|DEATHDREAM (DEAD OF NIGHT) (THE VETERAN) (director: Bob Clark; screenwriter: Alan Ormsby; cinematographer: Jack McGowan; editor: Ronald Sincair; music: Carl Zittier; cast: Richard Backus (Andy Brooks), John Marley (Charles Brooks), Lynn Carlin (Christine Brooks), Anya Ormsby (Cathy Brooks), Henderson Forsythe (Doc Phillip Allman), Jane Daly (Joanne), Arthur Anderson (Postman), (George, Army Captain), Michael Mazes (Bob), David Gawlikowski (Trucker, Howie); Runtime: 88; MPAA Rating: PG; producers: Bob Clark/Peter James/John Trent; Blue Underground; 1972-Canada/UK)|
of the first and best films to confront the
ill-effects the Vietnam War had on the home
by Dennis Schwartz
Bob Clark ("Children Shouldn't Play With
Dead Things"/"Murder by Decree"/"Black Christmas")
does a good job directing this eerie zombie chiller,
that has an excellent script by Alan Ormsby.
chronicles the story of a Vietnam War private, Andy
Brooks (Richard Backus), who was
reported killed at war but turns up the
next night at his family house in the suburban
small-town of Brooksville as a zombie seeking
retribution from those who sent him to war. The
chillingly quiet Andy rejects all those offering him
love and brutally kills a trucker (David Gawlikowski),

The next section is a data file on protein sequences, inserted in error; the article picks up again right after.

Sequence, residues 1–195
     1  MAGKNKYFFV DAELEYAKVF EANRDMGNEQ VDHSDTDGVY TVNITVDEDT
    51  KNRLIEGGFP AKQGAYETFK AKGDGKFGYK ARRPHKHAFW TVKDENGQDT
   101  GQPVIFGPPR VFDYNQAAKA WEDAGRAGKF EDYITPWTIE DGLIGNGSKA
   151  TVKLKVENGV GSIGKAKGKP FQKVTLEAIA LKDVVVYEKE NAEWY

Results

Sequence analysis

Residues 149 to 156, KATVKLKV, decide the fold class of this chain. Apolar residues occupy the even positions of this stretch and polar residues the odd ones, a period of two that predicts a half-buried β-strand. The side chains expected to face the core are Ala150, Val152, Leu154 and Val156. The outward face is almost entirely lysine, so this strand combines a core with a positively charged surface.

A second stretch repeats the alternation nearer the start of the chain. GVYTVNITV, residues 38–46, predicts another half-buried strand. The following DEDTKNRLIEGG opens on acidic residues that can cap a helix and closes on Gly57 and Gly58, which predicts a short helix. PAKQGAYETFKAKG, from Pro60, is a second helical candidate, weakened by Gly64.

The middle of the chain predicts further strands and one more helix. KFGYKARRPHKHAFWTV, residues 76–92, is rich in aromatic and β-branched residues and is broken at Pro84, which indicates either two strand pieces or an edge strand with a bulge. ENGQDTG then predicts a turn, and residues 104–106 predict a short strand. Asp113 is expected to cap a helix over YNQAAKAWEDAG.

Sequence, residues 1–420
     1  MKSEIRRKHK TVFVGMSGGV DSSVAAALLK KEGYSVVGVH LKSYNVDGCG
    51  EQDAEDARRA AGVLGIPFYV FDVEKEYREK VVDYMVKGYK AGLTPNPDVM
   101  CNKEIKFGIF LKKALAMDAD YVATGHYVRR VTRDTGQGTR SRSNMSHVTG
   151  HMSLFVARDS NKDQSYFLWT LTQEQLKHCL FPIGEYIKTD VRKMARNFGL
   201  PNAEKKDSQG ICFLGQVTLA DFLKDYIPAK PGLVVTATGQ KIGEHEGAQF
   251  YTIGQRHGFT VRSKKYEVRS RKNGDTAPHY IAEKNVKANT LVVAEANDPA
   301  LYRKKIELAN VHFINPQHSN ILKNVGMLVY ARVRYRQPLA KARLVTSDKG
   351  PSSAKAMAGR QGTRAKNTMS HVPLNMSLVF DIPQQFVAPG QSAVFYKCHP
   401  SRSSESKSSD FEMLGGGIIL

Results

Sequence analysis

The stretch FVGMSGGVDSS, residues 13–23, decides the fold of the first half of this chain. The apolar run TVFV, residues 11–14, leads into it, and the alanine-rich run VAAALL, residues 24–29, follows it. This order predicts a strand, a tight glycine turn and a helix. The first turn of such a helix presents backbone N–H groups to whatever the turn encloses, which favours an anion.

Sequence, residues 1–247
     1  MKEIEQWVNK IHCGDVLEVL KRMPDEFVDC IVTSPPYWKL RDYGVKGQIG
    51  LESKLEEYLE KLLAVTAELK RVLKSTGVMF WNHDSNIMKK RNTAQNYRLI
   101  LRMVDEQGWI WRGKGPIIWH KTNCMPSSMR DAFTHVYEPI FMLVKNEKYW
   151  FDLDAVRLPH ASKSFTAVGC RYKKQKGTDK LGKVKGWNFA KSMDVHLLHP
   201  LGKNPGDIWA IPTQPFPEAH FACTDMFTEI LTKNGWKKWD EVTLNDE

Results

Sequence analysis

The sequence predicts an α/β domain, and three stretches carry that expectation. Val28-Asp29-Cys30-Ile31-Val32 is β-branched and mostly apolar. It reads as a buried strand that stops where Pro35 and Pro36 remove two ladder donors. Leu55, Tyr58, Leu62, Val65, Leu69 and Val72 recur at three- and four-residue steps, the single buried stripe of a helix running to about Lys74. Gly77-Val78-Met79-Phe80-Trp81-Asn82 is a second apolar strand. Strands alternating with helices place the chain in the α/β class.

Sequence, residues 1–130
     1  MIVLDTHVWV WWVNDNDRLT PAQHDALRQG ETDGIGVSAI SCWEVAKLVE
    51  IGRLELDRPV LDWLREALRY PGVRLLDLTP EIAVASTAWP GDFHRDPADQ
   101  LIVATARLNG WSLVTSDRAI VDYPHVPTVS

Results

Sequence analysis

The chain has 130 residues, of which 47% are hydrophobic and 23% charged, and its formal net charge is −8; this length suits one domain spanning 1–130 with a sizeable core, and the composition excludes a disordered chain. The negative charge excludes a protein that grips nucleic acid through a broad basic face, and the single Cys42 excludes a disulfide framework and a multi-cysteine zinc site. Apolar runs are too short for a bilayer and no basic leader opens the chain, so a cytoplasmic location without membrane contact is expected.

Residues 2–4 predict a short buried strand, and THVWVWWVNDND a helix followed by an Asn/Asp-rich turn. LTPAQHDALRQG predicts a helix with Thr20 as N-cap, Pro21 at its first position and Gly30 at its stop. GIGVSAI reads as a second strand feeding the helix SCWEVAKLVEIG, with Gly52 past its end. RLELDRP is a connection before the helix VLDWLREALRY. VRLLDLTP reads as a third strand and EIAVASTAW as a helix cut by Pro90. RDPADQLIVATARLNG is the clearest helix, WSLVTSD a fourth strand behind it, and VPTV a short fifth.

whom he hitched a ride home with, and then his
friendly family doctor (Henderson
Forsythe), who suspects he was the killer.
The zombie needs fresh meat to survive, and views
those around him as prey. When Andy's guilt-stricken
father (John Marley) fails to
turn in his son even when knowing he's not mentally
there and that he killed their family doctor and
strangled their beloved pet dog, the crushed dad will
commit suicide for that lapse in judgment in failing
to prevent the subsequent drive-in murder of his
daughter's (Anya Ormsby)
boyfriend Bob (Michael Mazes) and his
son's old flame Joanne (Jane Daly).
the first and best films to confront the ill-effects
the Vietnam War had on the home front. Also, this was
the initial Hollywood makeup gig for former Vietnam
vet Tom Savini, who went on to become a legend in his
field for his horror pic makeup effects. Deathdream is
still in favor as a deservedly well-received gory cult
film, that keeps a zombie flick as real as possible.
The acting honors go to Marley for a formidable
performance as the crushed father who can't understand
what happened to his son, and how both he and his wife
failed in their responsibilities to raise a son.
REVIEWED ON 7/9/2014 GRADE: B
Dennis Schwartz: "Ozus' World Movie Reviews"
© ALL RIGHTS RESERVED DENNIS SCHWARTZ